Dempsey said each committee member is told to have a list of top 48 teams when he arrives. The NCAA provides the rest, including:
- Computer strength of schedule ratings.
- A nationwide coaches' poll, broken down into regions, ranking the teams in those regions.
- A Rating Percentage Index (RPI rating) sheet on each team that shows its won-lost record against Division I, how the team played in the final one-third of the season, good victories, good losses and bad losses. The committee also considers the computer rankings by Jeff Sagarin, a former MIT computer graduate who formulates weekly rankings similar to the NCAA's RPI ratings.
"Sometimes it gets down to comparing four teams and it will jump out at you," Frericks said. "This team won more games against top 50 teams, so pick them. Or this one had a better schedule. In my mind, strength of schedule is the biggest thing."
It is a process with an infinite amount of twists and turns that can't be dealt with until they arrive. But there are some standards that fit each year. Earlier this week Dempsey talked about how they work, as well as dispelling some myths about the selection process.
Do conference tournament games mean more than regular-season games?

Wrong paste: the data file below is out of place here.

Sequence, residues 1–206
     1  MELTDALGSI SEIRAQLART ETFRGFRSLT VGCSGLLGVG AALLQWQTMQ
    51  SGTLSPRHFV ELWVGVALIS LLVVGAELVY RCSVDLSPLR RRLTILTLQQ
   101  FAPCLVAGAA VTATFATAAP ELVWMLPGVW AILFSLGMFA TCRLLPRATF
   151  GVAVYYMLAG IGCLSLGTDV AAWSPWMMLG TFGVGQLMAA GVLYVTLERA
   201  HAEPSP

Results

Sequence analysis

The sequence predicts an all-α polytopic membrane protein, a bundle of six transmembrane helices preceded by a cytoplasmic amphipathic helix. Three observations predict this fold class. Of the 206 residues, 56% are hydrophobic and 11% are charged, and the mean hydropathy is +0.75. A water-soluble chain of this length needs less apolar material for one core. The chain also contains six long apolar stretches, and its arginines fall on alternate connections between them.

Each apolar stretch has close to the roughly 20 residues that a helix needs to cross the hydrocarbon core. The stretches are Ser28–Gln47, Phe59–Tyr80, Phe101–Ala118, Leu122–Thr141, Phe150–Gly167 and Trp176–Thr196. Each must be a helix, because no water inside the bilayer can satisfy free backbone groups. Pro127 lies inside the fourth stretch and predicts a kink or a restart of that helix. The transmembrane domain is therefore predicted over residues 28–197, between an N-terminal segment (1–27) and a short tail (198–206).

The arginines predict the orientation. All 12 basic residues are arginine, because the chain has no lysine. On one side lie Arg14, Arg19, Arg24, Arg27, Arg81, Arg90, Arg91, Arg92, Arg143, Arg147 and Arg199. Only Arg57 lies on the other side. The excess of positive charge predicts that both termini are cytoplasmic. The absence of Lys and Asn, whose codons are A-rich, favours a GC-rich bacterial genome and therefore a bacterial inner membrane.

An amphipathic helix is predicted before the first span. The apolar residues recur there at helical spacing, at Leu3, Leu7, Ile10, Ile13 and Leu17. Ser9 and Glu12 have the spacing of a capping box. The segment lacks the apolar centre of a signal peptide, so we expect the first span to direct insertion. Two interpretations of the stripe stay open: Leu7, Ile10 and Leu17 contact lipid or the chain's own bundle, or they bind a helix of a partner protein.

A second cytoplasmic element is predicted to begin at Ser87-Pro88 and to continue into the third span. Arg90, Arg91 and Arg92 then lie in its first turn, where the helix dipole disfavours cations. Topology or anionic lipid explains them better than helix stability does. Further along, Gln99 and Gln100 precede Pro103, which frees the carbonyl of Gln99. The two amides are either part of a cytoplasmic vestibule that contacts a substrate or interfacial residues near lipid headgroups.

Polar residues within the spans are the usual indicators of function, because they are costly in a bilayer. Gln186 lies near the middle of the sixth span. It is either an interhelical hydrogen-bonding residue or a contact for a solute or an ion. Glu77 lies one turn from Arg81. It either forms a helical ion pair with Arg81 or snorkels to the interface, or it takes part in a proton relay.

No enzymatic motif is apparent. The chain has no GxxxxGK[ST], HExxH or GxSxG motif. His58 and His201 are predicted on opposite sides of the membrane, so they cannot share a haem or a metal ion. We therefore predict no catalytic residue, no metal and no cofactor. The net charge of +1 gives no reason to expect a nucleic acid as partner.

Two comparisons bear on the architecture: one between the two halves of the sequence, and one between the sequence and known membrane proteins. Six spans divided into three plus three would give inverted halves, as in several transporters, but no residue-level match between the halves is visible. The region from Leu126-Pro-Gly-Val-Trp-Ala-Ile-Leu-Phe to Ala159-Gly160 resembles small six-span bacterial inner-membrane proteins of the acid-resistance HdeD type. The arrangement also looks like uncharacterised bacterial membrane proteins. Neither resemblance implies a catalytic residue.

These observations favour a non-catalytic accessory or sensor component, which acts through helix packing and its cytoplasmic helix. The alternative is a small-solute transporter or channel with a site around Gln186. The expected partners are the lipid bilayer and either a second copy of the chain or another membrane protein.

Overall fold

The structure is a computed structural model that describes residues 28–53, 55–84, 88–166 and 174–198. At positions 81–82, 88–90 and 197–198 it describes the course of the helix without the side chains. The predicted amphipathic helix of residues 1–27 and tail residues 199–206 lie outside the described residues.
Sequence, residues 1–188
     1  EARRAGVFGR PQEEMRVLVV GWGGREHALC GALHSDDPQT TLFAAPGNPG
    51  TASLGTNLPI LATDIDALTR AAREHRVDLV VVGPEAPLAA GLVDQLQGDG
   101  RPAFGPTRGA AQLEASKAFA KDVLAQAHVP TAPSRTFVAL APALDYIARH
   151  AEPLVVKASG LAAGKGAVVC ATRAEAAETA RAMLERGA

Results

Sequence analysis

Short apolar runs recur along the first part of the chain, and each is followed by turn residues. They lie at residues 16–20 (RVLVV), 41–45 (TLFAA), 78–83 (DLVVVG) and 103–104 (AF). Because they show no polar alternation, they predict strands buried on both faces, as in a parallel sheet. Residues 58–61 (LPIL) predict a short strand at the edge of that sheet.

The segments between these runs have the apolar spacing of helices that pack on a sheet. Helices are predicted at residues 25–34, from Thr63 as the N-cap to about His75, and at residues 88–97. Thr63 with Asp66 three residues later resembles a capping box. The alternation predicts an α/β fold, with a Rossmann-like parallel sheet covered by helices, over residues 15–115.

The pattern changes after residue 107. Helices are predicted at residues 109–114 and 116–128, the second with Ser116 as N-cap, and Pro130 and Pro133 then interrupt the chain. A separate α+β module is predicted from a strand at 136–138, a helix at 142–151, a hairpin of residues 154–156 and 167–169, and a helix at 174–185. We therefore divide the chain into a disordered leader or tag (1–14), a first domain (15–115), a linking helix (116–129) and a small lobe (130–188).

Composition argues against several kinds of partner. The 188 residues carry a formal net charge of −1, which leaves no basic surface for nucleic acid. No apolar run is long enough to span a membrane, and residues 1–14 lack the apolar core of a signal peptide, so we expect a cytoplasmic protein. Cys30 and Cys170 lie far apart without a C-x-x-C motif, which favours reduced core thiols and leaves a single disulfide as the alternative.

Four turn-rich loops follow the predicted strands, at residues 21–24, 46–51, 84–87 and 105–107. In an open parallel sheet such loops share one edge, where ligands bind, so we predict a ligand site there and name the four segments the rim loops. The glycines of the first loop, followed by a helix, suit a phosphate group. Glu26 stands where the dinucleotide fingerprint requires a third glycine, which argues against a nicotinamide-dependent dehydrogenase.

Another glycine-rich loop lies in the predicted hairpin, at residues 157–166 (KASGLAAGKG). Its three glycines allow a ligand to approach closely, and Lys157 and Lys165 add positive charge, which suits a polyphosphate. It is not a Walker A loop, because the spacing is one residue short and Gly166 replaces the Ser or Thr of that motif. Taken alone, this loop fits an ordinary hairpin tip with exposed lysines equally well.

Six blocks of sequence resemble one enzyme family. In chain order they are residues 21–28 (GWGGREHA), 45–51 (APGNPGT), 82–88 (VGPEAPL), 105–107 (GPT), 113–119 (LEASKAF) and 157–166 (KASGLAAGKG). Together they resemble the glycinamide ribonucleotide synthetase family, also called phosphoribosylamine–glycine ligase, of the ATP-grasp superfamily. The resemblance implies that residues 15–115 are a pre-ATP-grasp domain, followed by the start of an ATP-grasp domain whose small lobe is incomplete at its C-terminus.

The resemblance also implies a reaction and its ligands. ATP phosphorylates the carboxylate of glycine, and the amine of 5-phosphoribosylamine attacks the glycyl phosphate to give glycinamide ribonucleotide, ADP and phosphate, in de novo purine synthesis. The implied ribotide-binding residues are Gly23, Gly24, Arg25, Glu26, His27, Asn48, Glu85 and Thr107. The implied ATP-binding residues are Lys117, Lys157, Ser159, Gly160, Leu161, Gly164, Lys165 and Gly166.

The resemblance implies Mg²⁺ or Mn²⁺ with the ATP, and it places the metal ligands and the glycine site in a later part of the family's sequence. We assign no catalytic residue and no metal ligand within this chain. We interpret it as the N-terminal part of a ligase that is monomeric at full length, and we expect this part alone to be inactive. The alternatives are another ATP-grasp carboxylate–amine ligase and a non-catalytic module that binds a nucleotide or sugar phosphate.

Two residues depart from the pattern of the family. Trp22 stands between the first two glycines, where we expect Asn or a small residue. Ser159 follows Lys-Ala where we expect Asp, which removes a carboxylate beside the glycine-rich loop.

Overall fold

Yes and no. For teams on the bubble, it's always better to win than to lose. But mostly, Dempsey said, it can help - or hurt - a team depending on strength of the conference. In other words, a loss in a weak conference, or victory in a strong one, can affect a team's strength of schedule.
"That is always a problem that we have with conferences that are ranked quite low," Dempsey said. "It is imperative that they schedule non-league games against stronger teams."
What is the difference between a good loss and a bad loss?
"A bad loss would be to a lower-ranked team at home or to lose to a lower-ranked team by a significant score," Dempsey said. "A good win would be defeating a higher-ranked team or quality team either home or away, or a good loss could be a game that is played on foreign court or by a very small margin."
The committe has decided to use the no-homecourt rule this year. But how is it that Arizona cannot play in the West regional in Tucson, but Indiana may be placed at the Hoosier Dome, which is not the Hoosiers home court but a partisan setting nonetheless?
"The committee has wrestled with that issue, along with the home floor advantage, ever since I have been on the committee," Dempsey said. "We do not see an answer at this point of going to any kind of policy with home crowds. We feel it would reduce the number of sites available to us and it is somewhat impractical to us at this point."
How do special circumstances - such as the loss of Ohio State guard Jay Burson or Missouri coach Norm Stewart - affect whether a team gets in the tournament or where they are seeded?
"We'll probably discuss that," Dempsey said of the injury to Burson, which hurt Ohio State's finish. "We should not eliminate a team for something of that nature."
Of the effect on Missouri, which is 5-4 without Stewart, Dempsey said: "I don't see that as a determining factor in the seeding process. We would consider how they finished the year. We would not consider who's coaching the team at the time."